Preparation is all
At Mayfield School we are strong advocates of independent learning alongside classroom teaching: encouraging individual students to take responsibility for their own learning. While passing exams is not the be-all-and-end-all of education, it is important, so learning how to revise and prepare for exams and practising ‘exam technique’ is essential. It’s not just enough to know your subject inside out (although that helps!), but you need to know how the examiner wants you to present this information. It is more help to use poor mock results positively as a focus for what needs to be done, rather than as a stick to be beaten with.
Beware: the length of time spent locked away in a room does not always have a direct correlation with results achieved, especially if that time is spent with a mobile or internet access of any sort. Nor, sadly, does ostensibly virtuous time spent on revision always mean students are directing their energies effectively.
Revision can’t begin without the original ‘vision’, so ideally your child has worked consistently through lessons and in study throughout the course, and so has good notes. Of course, that is frequently not the case, so confirming all the right information is in place is a positive start. An organised folder can be a good sign. Also, encourage them to revise all their topics regularly and often – short bursts of reviewing their notes is helpful and means things don’t get out of hand and too much is left to the last minute.
Organising revision time
Supporting your child and encouraging them to plan realistic revision timetables that begin well in advance and which allow time for relaxation is key. Last minute cramming only serves to increase the pressure and anxiety that your child is already under, and this can be extremely detrimental to attainment and general well-being, not to mention family life. It can also mean there are areas which haven’t been revised thoroughly. Letting them take calculated risks: ‘I will learn x and y but not z as it probably won’t come up…’ are not advised. The better prepared your child feels, the less nervous they will be on the day.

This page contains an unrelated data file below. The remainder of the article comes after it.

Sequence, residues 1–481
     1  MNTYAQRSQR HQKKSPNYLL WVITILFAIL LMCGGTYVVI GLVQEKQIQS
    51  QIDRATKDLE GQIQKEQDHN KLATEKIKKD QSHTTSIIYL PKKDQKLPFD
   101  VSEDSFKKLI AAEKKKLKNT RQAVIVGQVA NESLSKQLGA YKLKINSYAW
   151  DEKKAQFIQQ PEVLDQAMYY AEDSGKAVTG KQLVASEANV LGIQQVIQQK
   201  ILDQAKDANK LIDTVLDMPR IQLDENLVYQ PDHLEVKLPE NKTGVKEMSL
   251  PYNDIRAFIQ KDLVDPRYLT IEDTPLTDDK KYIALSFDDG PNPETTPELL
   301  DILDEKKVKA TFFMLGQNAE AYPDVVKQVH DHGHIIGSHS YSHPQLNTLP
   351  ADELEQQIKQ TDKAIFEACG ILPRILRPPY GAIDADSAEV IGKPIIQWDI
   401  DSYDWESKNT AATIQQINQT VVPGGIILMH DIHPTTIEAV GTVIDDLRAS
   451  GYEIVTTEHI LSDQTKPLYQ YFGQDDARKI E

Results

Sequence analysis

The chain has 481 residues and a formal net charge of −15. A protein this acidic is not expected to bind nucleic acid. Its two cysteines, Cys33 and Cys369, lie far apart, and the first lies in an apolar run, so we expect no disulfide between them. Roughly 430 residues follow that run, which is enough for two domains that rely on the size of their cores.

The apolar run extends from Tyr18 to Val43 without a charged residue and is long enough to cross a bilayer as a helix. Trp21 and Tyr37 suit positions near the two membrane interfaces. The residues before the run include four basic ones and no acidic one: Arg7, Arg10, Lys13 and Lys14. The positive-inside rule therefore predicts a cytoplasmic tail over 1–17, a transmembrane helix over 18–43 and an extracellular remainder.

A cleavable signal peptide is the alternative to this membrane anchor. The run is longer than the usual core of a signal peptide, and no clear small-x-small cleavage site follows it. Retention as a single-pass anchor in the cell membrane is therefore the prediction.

This doesn’t mean that every waking moment outside lessons has to be devoted to revision. Plan ‘down time’ and time off when your child can see friends, play sport or do whatever it is that helps them to relax. They need to have fun on their revision breaks. Studying 24/7 is not helpful – and retaining perspective is. The key, as ever is balance: too frequent breaks, or those which extend are obviously counter-productive. Setting targets and awarding rewards can be helpful, but this needs to come from your child and not from you.
Study leave and last push
Some schools offer study leave, others continue until the last minute. Study leave can be a good opportunity for students to take responsibility for their own learning and prioritise their revision. At Mayfield, when study leave begins, teachers remain available during lesson times for individual or small group tuition. Supervised study continues in school and most girls attend. Those who find being self-disciplined difficult are expected to attend.
Study leave should not mean staying up late and
revising, then not getting up until lunchtime. A good routine is vital, as many exams begin at 8.30am, as are regular and sensible meals. Breakfast on the morning of an exam is imperative.
Healthy mind: healthy body
At Mayfield, we arranged a series of lectures for parents and teachers from the Self-Esteem Team, a trio of women aiming to promote positive mental health. The first lecture covered a range of issues impacting teenage mental health, including exam stress, and one of the key things we took away from the session was the importance of getting enough sleep.
Teenagers need nine hours sleep to function properly and screen-based activity in the hour before bed can negatively impact this. It makes sense to turn off all devices and relax before bed. Winding down with a bath, or reading a (non-school) book is good; Snapchat and the like less so. On average children are disturbed for an hour per night, usually by their phones. This is not good at any time, and certainly not in the run up to and during vital and important public examinations.
Helpless parent syndrome?
As a parent, used to protecting and taking responsibility for your child, it is often difficult to accept you cannot do the work – or sit the exam for them. You may well feel helpless and panicky, but don’t let it show. No matter how nervous you may be, don’t allow your own experience of school exams to affect your child. Be realistic. Not all students are going to achieve A* grades and nor should we expect them to. We must celebrate individual achievements and successes rather than measuring them against others.
All you need is love
Your role is unique: to be a parent, not a friend, not a teacher, and to support your child through what is probably the first, but undoubtedly won’t be the last, major, stressful experience of their lives. Different children react in different ways and need different support. Whatever you do will be wrong – at the time. Try to be patient. Put up with mood swings as much as you can, but don’t encourage them. While I am the last person to condone rudeness and self-indulgence, even I would advise leniency and the occasional biting of tongues and overlooking of chores left undone. The run up to examinations is not the time for home truths or pitched battles over the washing up. Children need to know that you have confidence in them and that the world will not end if an exam doesn’t go as well as expected. They need to be loved for who they are, not how many A*s they achieve.
■ Antonia Beary is headmistress at Mayfield School, a leading Catholic independent boarding and day school for girls aged 11 to 18. She is also currently Chair of CISC and Hon Sec of GSA.